I've written before about the US auto industry. In a previous post I spoke of Toyota being a company the US auto companies should emulate. Today, we see that even Toyota is not immune to the recession. I still think they're in a much better position to weather this storm than any US company but when a well run shop like Toyota loses $7.7 billion in a quarter, that can't be good.
The Obama administration asked Rick Wagoner, the chairman and CEO of General Motors, to step down and he agreed, a White House official said.
You never want to relish when someone gets fired. But don't cry for Rick Wagoner. He made over $63 million during his career at GM, most of which came during his years as CEO (a little under $39 million). When you realize that GM lost approximately $82 billion in the last four years of his tenure, it was obvious that new leadership was needed. Interim chairman, Kent Kresa, also stated that most of the GM board of directors would be changed at the annual meeting in August. Another good move seeing as how they kept on supporting Wagoner year after year while he presided over the meltdown of an American icon. I don't know if the US auto industry can be saved, but it couldn't hurt to have some new blood running things. I want to desparately support American made automobiles and if the stars are aligned, my next car will be American made.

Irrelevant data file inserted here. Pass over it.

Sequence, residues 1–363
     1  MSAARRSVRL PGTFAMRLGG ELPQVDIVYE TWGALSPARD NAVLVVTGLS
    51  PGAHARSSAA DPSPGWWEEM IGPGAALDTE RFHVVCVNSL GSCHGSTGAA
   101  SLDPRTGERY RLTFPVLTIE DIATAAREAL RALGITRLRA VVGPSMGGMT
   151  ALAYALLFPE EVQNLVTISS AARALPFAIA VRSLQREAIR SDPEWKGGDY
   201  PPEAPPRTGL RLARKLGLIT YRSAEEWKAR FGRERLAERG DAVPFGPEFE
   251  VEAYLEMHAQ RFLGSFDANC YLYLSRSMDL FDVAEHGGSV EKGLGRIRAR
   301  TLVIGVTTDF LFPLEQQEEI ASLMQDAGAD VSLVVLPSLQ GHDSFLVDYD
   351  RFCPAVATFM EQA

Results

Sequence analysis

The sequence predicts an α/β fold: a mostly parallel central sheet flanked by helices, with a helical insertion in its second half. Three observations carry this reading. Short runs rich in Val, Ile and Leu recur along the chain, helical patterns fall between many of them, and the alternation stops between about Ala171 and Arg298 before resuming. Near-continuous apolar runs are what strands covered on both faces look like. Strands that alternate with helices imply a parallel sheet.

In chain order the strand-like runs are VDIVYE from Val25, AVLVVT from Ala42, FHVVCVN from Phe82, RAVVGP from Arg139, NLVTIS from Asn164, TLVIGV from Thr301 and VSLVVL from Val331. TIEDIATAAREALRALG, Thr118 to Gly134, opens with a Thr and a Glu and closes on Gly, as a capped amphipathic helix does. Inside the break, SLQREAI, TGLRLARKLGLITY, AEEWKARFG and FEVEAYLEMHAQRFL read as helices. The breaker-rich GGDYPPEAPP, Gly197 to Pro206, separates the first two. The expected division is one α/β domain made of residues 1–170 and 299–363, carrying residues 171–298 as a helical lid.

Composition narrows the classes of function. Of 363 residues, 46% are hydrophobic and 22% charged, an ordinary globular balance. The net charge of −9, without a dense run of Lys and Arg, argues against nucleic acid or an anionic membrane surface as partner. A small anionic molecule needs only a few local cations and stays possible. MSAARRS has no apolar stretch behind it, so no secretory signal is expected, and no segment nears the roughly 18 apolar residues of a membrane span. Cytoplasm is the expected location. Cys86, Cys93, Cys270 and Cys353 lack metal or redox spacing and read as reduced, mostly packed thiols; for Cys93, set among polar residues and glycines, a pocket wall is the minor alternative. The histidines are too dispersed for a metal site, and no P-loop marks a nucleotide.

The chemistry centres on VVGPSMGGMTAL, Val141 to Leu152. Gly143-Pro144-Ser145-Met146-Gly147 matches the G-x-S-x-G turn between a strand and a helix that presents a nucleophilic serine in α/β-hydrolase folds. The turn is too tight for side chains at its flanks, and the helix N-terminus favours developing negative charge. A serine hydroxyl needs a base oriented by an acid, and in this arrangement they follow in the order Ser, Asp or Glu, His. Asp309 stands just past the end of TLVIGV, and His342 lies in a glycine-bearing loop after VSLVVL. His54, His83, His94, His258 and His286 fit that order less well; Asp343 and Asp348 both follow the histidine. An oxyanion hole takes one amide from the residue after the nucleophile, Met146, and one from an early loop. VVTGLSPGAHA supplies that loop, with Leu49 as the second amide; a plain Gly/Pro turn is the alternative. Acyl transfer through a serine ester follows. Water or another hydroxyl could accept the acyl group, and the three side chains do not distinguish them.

Techcrunch has a guest post from Todd Dagres of Spark Capital. In it, he suggests that President Obama should get Steve Jobs to run a joint government bailed-out GM-Chrysler. Though I agree with the overall strategy of the article (firing the current auto execs and streamlining the product line), I don't think Steve Jobs is the best person to actually execute this. His other choices (should Steve not be available), John Chambers or Craig Barrett are somewhat more plausible, though not quite there.
It's a little simplistic to think that Steve can make everything he touches into gold. Though Steve has had great success at Apple and Pixar, the shear size of the auto companies dwarf even those two industry leaders. I think Steve could be a great product strategist for the auto industry, but I think it'll take someone with big industrial operational experience to execute on a new product vision. Maybe it's a tag team effort - Steve leading product development and someone like say, Jack Welch to run operations? I know Nardelli was a GE alum but I don't have much confidence in his ability to lead given his lackluster results at both Home Depot and Chrysler. Perhaps the master can do better than the student.